Paramilitary Forces and Special Units
In 1973 a paramilitary organization, the Guyana National
Service (GNS), was created. Generally used as a manpower source for
public works and services, it also had a limited military
potential. The government envisioned the GNS as an organization
that would produce "cadres" sufficiently skilled to depart the
populated coast and relocate to the underdeveloped interior.
According to the GNS's enabling document, the Guyana National
Service State Paper, this program would prepare Guyanese to use
their time and energies profitably and productively; equip them
with the knowledge and experience to open up, develop, and live on
the rich lands available in the hinterland. It would mobilize and
motivate support for the Guyanese people's effort to "feed, clothe,
and house" themselves; inculcate the skills and attitudes necessary
for nation-building and national development; and transform
individuals accustomed to depending upon external aid into selfreliant and productive citizens. The GNS was to encourage the
physical and mental discipline necessary for development and to
ensure cohesion and unity among the various ethnic, religious,
social, and economic groups in Guyana.
The 1,500-person GNS was divided into various corps for young
people from ages eight to twenty-five, and was integrated into
public education. Associated with the Afro-Guyanese dominated PNC,
it was almost exclusively composed of young Afro-Guyanese. The
program evolved from an earlier voluntary service group called the
Guyana Youth Corps. This organization, whose mission had been to
populate the hinterland, failed because of a lack of public
The government requirement that University of Guyana students
and government scholarship students perform one year of service
with the GNS in the republic's interior posed problems for young
Indo-Guyanese women. It is customary in Guyana for single women of
all ethnic groups to live at home with their parents. When away
from home, single women live with relatives or board with families.
The Indo-Guyanese were particularly concerned that the GNS program
was a scheme to foster interracial relationships. Many women
refused to enter the GNS and, as a result, did not graduate from
the university. It became common practice among Indo-Guyanese to
attend college overseas to avoid the GNS program.
GNS teaching was highly ideological. Although membership was
optional at the elementary and secondary levels, students who did
not participate were not provided the results of their high school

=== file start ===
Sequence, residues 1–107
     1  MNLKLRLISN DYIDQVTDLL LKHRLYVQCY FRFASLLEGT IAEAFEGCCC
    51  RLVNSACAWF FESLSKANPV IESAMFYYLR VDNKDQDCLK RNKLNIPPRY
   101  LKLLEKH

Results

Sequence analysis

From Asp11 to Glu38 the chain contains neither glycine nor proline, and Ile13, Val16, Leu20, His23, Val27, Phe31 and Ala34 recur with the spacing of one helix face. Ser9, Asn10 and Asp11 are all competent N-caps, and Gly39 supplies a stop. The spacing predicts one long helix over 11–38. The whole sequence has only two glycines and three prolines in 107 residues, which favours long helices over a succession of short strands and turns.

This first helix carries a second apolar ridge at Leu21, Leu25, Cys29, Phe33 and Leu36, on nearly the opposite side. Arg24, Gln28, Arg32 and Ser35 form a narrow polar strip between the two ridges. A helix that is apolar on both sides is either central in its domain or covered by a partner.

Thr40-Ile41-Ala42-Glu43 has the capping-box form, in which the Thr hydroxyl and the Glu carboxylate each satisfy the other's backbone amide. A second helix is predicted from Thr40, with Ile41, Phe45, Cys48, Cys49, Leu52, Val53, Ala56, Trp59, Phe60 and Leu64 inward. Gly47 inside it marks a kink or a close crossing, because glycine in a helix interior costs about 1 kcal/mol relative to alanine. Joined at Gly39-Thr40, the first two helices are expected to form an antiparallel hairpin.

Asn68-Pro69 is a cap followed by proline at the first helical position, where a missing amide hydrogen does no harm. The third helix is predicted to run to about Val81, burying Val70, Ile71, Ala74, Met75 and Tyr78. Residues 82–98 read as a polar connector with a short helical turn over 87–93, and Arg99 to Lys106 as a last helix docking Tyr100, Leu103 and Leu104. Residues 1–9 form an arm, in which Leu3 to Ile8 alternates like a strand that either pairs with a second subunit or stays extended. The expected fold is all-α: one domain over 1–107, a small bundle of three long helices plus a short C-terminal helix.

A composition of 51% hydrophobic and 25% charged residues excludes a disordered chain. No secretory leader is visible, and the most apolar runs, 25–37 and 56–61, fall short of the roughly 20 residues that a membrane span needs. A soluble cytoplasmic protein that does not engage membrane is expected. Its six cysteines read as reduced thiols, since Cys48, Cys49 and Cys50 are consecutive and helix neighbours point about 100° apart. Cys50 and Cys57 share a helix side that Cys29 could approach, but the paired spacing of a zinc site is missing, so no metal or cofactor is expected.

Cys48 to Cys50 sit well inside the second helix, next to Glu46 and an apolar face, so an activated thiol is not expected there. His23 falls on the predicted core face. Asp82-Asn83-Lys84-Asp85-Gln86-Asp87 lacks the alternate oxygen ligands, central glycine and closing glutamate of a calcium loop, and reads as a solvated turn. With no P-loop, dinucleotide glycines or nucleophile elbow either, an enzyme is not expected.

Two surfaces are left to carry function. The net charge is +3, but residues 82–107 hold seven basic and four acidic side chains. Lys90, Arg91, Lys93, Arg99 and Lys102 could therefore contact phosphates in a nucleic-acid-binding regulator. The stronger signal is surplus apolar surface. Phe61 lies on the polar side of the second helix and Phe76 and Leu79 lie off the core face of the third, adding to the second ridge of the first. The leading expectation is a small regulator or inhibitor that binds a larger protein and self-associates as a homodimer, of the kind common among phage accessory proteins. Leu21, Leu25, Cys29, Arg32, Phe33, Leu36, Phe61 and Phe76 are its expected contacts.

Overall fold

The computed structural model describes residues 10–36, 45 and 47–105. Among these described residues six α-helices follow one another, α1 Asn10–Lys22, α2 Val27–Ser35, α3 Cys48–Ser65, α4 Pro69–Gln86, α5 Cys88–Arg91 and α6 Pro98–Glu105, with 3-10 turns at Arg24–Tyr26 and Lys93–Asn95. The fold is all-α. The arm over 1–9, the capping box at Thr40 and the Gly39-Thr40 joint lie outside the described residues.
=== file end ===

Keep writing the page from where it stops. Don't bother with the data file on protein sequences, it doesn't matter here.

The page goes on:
placement examinations. Elementary school students who did
participate were organized into "Young Brigades" and taught to
march and chant party slogans. Later, as high school juniors,
students were encouraged to join the Guyana National Service Cadet
Corps. The corps was similar to Cuba's Young Pioneers, with the
Guyanese cadets going to field camps for political indoctrination.
The People's Militia was created in 1976 during a period of
heightened tension along the Guyana-Venezuela border. Proposed by
opposition leader Cheddi Jagan, the militia was envisioned as a
more ethnically diverse force than the GDF, which it would replace.
Jagan saw the militia as a popular organization that would have
branches on every city block and in every village. The government
agreed to form the People's Militia, but only as a supplemental
security force. Militia members were to engage in their normal
occupation until war broke out, at which point they would defend
their communities and assist the regular forces.
The government intended the militia units to be autonomous and
flexible enough to be self-supporting during emergencies. The
militia's force level was set at 2,000. The government's stated
goal was to make the militia a broad-based volunteer force. It was
initially well-received, and both Afro-Guyanese and Indo-Guyanese
volunteered. However, preferential treatment of Afro-Guyanese led
to an exodus of Indo-Guyanese volunteers. Heavy recruitment in PNC
strongholds and sustained political indoctrination ensured that the
People's Militia would be loyal to the PNC.
Training in the People's Militia consisted of foot drills for
two hours twice a week, plus two Sundays every month. The militia
was organized into nine districts and training was carried out in
each of the districts. Uniforms consisted of tan shirts, brown
pants, boots, and berets. Members of the militia wore uniforms only
during training or during combat. In times of emergency, the
militia would be integrated into the GDF.
In 1980 the government created the National Guard Service (NGS)
to protect government personnel and state property from theft and
subversive activity. The NGS included both security personnel
already employed at government facilities and retired police
officers and others. The NGS maintained a strength of 2,000
The Young Socialist Movement (YSM) was the youth arm of the
PNC, with members throughout Guyana. The YSM maintained a military
component with an estimated strength of 2,000. The GDF, GNS, and
People's Militia provided its training. Members of the military
component usually paraded in military uniforms but without weapons.
Data as of January 1992